The way in which citations are formatted in Chicago style is extremely specific but not that complex. With a few precautions the conventions of the style are easy to follow.
- Footnotes should appear on the same page as the text they are noting.
- Footnotes should not be broken across multiple pages.
- Footnotes and endnotes should always be single spaced.
- Footnotes and endnotes should always have the same same size and type of font as the body of the essay.
- Notes should be at the end of a sentence after a period.
- It is acceptable if not encouraged to put a footnote at the end of a paragraph (or even multiple paragraphs) if all the information in those paragraph(s) came from the same source.
- If you wish to cite more then one source in a citation, separate the two sources with a semi colon. For example:
Runiciman 107-108. ; Tyerman 65. ; Dana Carleton Munro, "The Speech of Pope Urban II. At Clermont, 1095," The American Historical Review 11, no. 2 (1906): 231 - 242.
- Footnotes and endnotes may contain supplementary text according to Chicago style. If a footnote or source warrants further explanation one may insert additional text after a footnote. For example:
Tyreman, The First Crusade, 65-66. Tyreman notes that that the council at Clermont was a bit of a flop in the short term "as very few magnates attended".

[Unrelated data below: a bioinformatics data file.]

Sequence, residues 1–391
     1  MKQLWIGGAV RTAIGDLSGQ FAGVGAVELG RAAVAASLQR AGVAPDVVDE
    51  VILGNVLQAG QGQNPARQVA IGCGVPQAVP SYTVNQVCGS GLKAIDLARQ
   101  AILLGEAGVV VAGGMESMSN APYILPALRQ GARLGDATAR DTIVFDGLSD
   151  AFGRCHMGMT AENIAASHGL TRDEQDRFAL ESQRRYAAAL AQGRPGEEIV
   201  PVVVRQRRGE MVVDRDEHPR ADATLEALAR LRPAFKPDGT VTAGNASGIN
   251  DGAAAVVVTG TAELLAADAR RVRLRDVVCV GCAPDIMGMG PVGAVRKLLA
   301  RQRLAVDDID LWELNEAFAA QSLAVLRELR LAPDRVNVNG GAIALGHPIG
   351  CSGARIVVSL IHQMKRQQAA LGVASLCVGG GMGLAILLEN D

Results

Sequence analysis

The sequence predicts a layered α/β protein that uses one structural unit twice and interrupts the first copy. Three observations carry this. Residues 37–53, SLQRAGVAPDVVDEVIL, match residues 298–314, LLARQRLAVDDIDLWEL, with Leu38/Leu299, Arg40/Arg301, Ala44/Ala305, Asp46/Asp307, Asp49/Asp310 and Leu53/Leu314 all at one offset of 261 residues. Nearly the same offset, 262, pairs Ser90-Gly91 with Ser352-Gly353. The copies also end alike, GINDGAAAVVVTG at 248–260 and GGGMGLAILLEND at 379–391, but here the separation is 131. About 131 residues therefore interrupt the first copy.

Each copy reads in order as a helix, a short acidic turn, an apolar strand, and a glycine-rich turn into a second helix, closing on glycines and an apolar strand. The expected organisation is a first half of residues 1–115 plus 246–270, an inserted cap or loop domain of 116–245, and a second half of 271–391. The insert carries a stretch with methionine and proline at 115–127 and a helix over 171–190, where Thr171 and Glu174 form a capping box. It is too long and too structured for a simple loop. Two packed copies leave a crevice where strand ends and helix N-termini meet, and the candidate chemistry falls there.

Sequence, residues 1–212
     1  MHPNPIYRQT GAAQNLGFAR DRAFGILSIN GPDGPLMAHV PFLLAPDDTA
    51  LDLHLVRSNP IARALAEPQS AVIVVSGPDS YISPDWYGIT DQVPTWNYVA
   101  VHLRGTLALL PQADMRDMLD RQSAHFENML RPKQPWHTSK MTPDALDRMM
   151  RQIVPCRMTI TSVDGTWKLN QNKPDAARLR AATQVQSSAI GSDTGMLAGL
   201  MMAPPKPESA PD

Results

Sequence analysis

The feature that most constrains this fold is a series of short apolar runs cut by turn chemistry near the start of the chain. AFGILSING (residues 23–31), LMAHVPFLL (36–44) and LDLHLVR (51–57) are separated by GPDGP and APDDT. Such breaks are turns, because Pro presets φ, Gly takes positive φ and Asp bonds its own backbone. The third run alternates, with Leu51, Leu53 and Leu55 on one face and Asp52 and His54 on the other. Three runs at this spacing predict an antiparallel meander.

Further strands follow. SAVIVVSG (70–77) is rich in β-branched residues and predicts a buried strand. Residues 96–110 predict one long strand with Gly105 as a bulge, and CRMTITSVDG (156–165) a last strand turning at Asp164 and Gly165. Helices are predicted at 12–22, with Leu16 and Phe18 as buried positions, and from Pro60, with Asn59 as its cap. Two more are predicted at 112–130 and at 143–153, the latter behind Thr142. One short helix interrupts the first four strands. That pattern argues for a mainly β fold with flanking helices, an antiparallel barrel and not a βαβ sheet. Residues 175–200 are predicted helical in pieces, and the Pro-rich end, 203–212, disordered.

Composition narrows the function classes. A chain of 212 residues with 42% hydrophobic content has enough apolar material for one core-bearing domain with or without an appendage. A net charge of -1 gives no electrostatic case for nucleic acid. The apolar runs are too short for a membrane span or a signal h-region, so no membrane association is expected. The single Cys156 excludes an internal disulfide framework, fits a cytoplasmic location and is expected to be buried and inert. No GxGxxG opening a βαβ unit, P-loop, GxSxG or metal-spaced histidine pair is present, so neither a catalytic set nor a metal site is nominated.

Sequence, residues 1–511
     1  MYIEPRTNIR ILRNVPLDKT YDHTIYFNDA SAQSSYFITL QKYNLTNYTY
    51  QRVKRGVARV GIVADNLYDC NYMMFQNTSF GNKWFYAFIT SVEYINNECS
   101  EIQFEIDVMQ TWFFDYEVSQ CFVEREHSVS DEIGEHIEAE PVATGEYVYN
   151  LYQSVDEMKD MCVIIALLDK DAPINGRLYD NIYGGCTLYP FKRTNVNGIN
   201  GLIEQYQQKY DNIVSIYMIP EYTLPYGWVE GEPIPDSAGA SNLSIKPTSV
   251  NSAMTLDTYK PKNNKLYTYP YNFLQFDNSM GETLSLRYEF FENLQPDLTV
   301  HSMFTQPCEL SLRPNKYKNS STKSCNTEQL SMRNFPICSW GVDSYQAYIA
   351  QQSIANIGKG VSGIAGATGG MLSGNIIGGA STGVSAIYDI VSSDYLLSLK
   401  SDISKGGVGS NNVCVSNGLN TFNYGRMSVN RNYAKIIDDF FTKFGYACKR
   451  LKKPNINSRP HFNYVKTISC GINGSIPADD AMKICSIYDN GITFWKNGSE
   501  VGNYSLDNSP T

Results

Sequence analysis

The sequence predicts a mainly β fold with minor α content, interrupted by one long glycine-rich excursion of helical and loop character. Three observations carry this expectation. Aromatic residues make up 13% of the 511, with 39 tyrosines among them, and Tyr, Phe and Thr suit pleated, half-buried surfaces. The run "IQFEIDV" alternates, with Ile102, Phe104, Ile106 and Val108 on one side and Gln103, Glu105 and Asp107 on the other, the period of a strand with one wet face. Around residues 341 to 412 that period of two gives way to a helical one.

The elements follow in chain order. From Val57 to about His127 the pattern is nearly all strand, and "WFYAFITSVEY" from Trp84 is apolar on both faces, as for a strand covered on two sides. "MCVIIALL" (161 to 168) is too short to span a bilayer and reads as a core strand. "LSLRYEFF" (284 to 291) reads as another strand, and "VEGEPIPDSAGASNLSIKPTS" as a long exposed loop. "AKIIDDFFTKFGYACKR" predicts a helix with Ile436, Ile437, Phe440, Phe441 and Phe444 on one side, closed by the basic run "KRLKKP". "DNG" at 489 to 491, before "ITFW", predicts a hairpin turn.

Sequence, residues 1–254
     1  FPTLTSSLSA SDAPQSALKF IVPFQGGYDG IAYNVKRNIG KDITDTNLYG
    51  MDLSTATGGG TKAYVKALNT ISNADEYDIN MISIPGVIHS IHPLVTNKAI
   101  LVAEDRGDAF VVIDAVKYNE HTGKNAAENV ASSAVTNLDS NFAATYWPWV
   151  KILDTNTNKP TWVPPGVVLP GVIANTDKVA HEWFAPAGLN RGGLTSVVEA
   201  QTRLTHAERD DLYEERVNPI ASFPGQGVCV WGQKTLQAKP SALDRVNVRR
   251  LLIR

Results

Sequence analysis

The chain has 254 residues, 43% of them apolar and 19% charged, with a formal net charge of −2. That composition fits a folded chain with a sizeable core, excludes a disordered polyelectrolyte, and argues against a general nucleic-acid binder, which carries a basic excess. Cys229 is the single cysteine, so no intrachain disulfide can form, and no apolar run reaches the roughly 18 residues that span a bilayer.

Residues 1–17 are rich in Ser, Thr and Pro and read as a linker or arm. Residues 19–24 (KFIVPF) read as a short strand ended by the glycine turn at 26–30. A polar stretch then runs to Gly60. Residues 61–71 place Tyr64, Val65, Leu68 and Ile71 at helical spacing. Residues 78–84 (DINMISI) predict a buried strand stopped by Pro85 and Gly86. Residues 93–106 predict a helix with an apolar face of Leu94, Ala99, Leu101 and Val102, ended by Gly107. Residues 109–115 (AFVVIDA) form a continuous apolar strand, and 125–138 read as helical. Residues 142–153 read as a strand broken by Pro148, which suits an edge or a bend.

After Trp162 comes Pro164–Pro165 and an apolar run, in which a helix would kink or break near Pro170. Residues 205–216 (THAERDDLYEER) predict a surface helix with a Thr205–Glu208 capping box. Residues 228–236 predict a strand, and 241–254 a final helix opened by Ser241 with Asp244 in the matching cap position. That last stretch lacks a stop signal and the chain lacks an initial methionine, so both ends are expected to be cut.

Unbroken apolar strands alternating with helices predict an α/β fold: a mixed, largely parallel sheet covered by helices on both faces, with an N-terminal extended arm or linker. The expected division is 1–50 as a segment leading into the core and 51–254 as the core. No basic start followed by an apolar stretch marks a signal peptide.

- Also acceptable is placing an plain explanatory foot note with no citation, for example a definition of a term which some readers may not be familiar with or a further explanation of a complex passage.
- If one wishes to cite an explanatory footnote then one should put the citation after the explanation itself. For example:
Reponsa are questions from the Jewish community to acknowledged experts of Talmudic law. Chazan, In The Year 1096,8.
- Bibliographic entries should always have the first line flush with the left margin, but all lines after the first in each entry should be indented
- Bibliographic entries are always single spaced, although there should be a blank line in between each entry.
- Bibliographic entries are in alphabetical order based on authors last names.
Just describing the rules for bibliographies in Chicago style without demonstration can be a bit unclear so here is a sample bibliography.
Bronstein, Judith. "The Crusades and the Jews: Some Reflections on the 1096 Massacre." History Compass 58, no. 4 (June 2007): 1268-1279.
Chazan, Robert. God, humanity, and history: the Hebrew First Crusade narratives. Berkeley: University of California Press, 2000.
Chazan, Robert. In The Year 1096: The First Crusade and the Jews. Philadelphia: Jewish Publication Society, 1996.